Time for something new. How do you know when the season has changed?

It’s early morning in October and the heat of summer is a memory.  I’m snuggled in my sleeping bag waiting for the sun.  For the moment the coming day is only a slight glow.  As light creeps down the canyon cold air is receding, pooling and hiding in the lowest possible placesWhen direct light from the sun arrives everything will warm and I will leave the tent in comfort, but right now it’s freezing.  It’s always coldest just before dawn.

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I can almost hear the surrounding moisture freeze while it clings to the fading leaves.  I inhale deeply, tasting the crisp air.  I am excited to see the yellow leaves of the cottonwood trees surrounding my tent light up in the morning sunI know that it will be brilliant, but I will have to wait.

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By now there is enough light to read a chapter from my book.  My fingertips are chilly and I am forced to hold the book with one hand out of the sleeping bag and every few minutes I switch just before they go from cold to numb.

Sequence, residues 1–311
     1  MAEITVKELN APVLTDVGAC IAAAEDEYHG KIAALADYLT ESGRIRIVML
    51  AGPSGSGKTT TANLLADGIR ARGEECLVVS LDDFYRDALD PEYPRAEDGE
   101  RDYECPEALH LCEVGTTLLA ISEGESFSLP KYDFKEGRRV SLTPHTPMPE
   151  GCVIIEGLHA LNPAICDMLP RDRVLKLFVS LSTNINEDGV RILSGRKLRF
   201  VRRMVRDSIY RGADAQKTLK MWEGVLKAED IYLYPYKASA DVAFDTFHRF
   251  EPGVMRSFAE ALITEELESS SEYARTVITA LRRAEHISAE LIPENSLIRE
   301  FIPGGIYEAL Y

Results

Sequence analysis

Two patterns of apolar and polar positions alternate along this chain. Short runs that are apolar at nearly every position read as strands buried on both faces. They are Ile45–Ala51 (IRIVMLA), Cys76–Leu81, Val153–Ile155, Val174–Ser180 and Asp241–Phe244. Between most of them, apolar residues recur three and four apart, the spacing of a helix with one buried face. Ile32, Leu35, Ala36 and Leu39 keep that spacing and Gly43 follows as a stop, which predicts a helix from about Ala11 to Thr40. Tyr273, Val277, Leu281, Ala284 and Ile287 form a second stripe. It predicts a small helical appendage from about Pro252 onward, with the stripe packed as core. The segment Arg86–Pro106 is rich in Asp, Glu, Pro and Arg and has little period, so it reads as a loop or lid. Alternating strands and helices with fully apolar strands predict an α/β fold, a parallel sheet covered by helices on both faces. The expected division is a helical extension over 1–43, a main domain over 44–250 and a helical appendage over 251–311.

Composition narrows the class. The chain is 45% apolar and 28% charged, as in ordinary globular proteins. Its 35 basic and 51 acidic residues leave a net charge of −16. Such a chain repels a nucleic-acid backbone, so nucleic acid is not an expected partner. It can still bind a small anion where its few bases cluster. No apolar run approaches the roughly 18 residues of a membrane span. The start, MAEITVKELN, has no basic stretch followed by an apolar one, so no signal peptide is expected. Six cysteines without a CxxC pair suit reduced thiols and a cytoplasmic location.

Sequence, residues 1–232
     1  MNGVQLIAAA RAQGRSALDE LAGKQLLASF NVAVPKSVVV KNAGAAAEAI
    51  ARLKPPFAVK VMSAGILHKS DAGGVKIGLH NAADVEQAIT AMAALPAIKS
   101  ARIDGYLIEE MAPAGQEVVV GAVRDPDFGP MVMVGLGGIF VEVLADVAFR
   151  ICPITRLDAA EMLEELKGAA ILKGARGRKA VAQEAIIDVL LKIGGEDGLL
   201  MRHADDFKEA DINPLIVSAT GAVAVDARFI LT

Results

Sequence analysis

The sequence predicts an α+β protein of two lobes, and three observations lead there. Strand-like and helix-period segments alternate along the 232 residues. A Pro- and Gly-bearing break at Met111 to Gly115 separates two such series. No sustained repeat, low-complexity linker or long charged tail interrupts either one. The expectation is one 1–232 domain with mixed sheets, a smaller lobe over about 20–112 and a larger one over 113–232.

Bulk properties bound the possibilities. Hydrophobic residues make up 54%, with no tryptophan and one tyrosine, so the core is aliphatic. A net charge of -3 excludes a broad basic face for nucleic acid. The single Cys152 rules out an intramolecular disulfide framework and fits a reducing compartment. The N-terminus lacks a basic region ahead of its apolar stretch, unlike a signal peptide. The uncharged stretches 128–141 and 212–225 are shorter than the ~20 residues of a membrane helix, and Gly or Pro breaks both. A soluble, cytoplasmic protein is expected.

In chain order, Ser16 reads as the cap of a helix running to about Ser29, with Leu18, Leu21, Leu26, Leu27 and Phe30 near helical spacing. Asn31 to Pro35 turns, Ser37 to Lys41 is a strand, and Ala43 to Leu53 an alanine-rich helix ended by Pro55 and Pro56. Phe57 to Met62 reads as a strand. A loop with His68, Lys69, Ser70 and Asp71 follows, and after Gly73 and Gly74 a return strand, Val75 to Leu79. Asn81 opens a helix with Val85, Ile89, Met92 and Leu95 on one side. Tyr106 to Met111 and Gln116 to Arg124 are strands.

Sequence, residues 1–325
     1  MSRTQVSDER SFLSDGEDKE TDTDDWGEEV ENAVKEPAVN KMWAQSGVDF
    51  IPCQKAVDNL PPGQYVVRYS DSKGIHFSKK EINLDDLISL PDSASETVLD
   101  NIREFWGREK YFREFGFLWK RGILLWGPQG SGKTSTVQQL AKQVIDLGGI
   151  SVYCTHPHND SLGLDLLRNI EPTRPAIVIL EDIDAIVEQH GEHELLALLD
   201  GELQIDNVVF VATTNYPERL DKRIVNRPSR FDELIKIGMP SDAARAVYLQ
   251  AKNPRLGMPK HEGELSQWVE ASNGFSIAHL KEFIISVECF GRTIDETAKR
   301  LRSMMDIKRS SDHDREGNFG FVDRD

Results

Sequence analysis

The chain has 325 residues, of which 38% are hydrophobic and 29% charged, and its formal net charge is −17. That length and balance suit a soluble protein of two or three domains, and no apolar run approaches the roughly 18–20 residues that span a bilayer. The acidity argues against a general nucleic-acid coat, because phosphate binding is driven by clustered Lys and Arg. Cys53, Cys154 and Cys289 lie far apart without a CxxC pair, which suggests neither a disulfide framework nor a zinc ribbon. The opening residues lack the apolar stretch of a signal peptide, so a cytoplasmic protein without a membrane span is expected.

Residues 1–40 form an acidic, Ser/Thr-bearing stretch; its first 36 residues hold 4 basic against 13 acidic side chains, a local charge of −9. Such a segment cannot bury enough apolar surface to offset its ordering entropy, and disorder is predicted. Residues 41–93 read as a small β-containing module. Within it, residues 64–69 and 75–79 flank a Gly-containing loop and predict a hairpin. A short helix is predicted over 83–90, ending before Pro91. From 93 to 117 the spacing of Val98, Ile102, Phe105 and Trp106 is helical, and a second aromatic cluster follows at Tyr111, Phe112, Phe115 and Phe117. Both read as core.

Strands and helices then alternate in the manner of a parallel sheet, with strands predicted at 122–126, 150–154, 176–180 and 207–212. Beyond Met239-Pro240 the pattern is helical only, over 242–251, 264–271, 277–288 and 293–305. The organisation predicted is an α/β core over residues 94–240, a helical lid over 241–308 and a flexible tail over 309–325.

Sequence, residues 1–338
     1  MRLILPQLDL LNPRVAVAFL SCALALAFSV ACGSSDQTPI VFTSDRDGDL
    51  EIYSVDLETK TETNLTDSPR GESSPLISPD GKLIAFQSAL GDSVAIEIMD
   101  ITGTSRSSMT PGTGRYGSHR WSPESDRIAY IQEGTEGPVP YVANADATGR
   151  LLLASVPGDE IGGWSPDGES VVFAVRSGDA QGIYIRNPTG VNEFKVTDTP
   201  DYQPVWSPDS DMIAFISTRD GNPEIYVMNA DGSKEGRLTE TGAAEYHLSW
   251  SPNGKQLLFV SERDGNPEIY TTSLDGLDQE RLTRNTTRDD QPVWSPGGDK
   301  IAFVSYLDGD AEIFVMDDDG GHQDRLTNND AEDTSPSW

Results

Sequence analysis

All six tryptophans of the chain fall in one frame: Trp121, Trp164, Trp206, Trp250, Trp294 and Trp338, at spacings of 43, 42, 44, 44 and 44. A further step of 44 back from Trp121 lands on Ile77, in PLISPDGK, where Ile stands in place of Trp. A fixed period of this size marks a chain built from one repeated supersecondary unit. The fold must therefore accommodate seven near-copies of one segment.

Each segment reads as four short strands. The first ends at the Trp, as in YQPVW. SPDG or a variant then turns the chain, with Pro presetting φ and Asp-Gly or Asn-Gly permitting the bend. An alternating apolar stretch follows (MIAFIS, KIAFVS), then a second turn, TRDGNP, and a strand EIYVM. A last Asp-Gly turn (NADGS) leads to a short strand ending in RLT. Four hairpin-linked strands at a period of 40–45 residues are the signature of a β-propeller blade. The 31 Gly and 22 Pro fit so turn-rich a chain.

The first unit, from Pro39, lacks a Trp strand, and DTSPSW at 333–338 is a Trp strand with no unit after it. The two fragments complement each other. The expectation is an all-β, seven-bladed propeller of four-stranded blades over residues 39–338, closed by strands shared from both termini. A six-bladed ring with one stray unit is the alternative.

After reading I stretch.  At first I reach tall and touch both ends of the tent, scratching the frost on the walls.  Next, I stretch my ankles and wrists, clockwise and counter.  Then it’s time for the stomach, butt, legs, back, and finally, my arms and neck.  After this ritual I dress slowly, taking time to enjoy the chill against my naked skin.0000_031

Birds are chirping outside my tent.  The sun is near.  I lie on top of my sleeping bag and enjoy this moment.  I breathe steadily.  My tent lights up as the sun pours warm rays upon it.  Frost crystals on the walls contract then make a clinking sound as they fall.  I sit up, lean over to unzip the tent  and smile.  All of this indicates the season is upon me.  This is autumn. 

 

Copyright 2010 Louis C Arevalo

 

5 Replies to “Time for something new. How do you know when the season has changed?”

  1. As one who each day awakes to see crystals of inflexibility written on the walls, and the verdancy of an untamed energy become burnished with age and exhaust, I know well that the season of my life has changed…it is time for something new.

  2. Some mornings are a thoughful transition to a new day. But sometimes its just a hasty rush to get out of the tent and take a piss. Savor the ones that make life better.

  3. When I think of seasons changing I think of my hometown. The change of seasons is dramatic in my memory and full of sensory responses. The taste of green as buds emerge on trees. The warm feeling on my skin from the sun asserting itself with increasing force. The rich, almost woody smell of leaves as they let go. The drowsy feeling of my body slowing down as the days get shorter. These memories make me smile. It is nice to take time to appreciate how these changes, ever constant, effect us.

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